Recalling her experience giving a speech at McMaster University in February, she said: “When I entered the huge classroom with about 100 people, one Chinese [man] opened the door and started filming me. Another guy came and stood by the door, said bad words in Chinese and left, then another Chinese girl came and started walking all over the place trying to disturb me. Then another girl came. One by one, they came when I was talking to disturb me, and I realized that they were there on purpose.”
Cases of harassment and intimidation against activists such as Turdush and Lhamo seem very well organized and planned by Chinese officials. Turdush published a video statement on her Facebook profile about what happened at McMaster University and shared images of WeChat messages to students, which she said she believed were from the Chinese consulate. Included in the conversations, she said, was the instruction to find information on Turdush’s son, a student at a Canadian university. However, she said she doesn’t have explicit proof of the senders’ identities.
Lhamo also believes that the attack against her was coordinated. “There’s definitely a connection to the Chinese embassy, students out of nowhere couldn’t organize protests quickly with thousands of Chinese nationals. These international Chinese students can’t organize such demonstrations in one day,” she said.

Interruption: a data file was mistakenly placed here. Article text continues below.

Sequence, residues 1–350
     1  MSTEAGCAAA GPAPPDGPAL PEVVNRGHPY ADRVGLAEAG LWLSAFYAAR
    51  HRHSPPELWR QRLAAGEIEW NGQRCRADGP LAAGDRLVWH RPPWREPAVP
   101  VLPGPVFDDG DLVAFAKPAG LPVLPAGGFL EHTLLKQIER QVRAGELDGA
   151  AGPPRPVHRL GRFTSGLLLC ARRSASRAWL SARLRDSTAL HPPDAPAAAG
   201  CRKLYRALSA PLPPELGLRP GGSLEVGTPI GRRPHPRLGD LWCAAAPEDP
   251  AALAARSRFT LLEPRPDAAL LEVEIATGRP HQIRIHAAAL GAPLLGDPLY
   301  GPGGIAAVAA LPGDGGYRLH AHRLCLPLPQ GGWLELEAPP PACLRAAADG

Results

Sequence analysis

Tibetans and Uighurs in Canada are not the only targets of Chinese harassment and scare tactics. China is surveilling and threatening Uighurs in the US and, according to a report by the Uyghur Human Rights Project called “The Fifth Poison: the Harassment of Uyghurs Overseas,” the monitoring and harassment of Uighurs, as well as of Tibetans, is taking place globally. China has also resorted to spies in Germany and Sweden to keep tabs on members of the Uighur community, as well as threatening messages through WeChat against Uighurs in France and other parts of the world.
Meanwhile, China has also increased surveillance within Tibet and, in March, pressured Concordia University to cancel an event with a Uighur activist. In April, Chinese officials pressured the Montreal Institute for Genocide and Human Rights Studies at Concordia to cancel an event about Uighur repression in Xinjiang.